Back to the Future – Reebok v. Tristar, 1996 (the “Jerry Maguire” case)

*** NOTE – No privileged or proprietary information is contained in this post. ***

Movie Reel

My first foray into the realm of e-discovery occurred in early 1997 – when it was still just called “discovery”.  I was a Consultant to Sony Pictures Entertainment at the time and Manager of Groupware Services Worldwide, which – unfortunately for me – included responsibility for the company email system.  I was not yet an attorney.

(I have a feeling most of you know where this is going…).

In late, 1996, Reebok Int’l filed suit against Tristar Pictures (at the time a subdivision of SPE) for breach of contract due to the handling of a product placement in the movie, “Jerry Maguire“.  Reebok’s attorneys issued a subpoena for relevant email correspondence between Tristar representatives who were parties to the negotiations.

We faced a serious problem, which was not an unusual one given the time elapsed between negotiations to make a motion picture and the actual production and release of that picture.  The emails were several years old and the Company had done away with the archaic tape backup system used at the time.

A consultant’s job is to find a reasonable method to deliver what a client requests.  As such, I tasked one of our best number-crunchers to figure out what it would realistically take to re-create the prior backup system from scratch, then catalog all of the old tapes to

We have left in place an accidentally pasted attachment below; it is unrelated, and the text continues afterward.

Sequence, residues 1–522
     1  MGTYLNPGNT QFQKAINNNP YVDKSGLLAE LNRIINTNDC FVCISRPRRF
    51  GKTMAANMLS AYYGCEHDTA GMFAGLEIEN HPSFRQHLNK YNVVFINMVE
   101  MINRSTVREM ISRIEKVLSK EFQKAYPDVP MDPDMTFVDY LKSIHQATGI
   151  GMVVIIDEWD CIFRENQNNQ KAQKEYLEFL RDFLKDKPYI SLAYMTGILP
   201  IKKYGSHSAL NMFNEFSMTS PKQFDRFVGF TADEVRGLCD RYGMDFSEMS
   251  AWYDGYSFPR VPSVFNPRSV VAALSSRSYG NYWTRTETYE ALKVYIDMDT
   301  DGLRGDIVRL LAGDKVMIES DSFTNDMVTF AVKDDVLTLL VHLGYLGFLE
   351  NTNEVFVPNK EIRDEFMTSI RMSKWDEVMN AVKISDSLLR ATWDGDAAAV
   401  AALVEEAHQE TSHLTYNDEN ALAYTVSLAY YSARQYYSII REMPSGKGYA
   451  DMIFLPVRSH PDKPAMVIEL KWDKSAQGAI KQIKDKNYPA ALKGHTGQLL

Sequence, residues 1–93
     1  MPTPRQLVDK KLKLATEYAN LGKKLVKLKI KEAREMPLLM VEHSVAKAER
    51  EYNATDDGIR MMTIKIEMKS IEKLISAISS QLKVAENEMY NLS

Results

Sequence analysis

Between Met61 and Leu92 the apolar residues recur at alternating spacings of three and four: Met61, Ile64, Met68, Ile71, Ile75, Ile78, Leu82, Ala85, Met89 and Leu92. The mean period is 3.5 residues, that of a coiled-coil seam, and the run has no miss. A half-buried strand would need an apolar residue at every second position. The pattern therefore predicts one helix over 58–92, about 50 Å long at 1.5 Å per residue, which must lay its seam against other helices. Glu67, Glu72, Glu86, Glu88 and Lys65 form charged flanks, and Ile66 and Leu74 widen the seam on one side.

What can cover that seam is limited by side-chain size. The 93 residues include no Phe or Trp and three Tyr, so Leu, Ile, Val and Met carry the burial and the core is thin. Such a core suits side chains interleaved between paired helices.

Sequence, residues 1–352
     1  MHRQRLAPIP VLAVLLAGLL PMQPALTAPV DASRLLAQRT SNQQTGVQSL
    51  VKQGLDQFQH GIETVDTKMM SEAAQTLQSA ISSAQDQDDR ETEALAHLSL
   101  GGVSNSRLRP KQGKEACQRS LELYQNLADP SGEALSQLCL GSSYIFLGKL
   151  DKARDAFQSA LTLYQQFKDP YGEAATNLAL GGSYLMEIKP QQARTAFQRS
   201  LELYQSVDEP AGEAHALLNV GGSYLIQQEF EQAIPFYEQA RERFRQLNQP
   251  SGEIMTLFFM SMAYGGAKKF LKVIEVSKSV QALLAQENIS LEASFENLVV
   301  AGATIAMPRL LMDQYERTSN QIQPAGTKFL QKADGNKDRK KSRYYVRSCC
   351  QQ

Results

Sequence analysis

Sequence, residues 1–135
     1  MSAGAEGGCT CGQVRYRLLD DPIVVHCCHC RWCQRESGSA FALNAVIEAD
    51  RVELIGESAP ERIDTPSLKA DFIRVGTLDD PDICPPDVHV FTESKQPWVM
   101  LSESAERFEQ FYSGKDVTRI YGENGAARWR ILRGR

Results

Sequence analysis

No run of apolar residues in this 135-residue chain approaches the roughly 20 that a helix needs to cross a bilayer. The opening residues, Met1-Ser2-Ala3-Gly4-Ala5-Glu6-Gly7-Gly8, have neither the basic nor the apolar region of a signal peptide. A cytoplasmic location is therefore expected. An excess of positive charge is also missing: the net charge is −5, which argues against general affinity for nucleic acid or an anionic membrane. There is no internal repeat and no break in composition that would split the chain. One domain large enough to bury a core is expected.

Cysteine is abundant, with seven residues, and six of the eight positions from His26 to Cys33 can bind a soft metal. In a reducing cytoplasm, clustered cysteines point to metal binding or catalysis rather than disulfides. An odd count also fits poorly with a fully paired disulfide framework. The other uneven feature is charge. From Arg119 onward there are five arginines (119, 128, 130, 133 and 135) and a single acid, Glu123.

even give us a starting point as to what would be required for review and production.  Keep in mind that this was a much more difficult feat to accomplish in 1997 than it is today.  The results were striking.  The estimated cost to comply with the subpoena was approximately $250,000!Movie Reel and Film

Obviously, management wasn’t too keen on the idea of spending that sum of money, and thus began a motion by Tristar’s representatives to quash the subpoena due to the high cost, or failing that, shift the burden – or at least a large portion of it – onto the Plaintiff.  Being on the tech side of things – and with a stack of responsibilities on my desk – I moved on to the next “crisis” and have no knowledge as to what specifically transpired after that.  Eventually, the word came down from on high; “you don’t have to worry about producing the data”.  Whew!

I wanted to relay this story because it mirrors exactly how an e-discovery request might fall upon an IT department today.  It also raises several of the most important issues:

Are we able to comply with the request?  How much time/resources will this take away from our other pressing issues?  How much will this cost?  Who will bear the cost?

Luckily, I had at my disposal the qualified brainpower to comply – and had we been asked to proceed, we could have done so.  But it would also have meant taking one of my best minds away from what he was doing, leaving me short-handed with the prospect of making do without him or hiring a temporary replacement and bringing him/her “up to speed”.

The question is, what would happen if you received the request?

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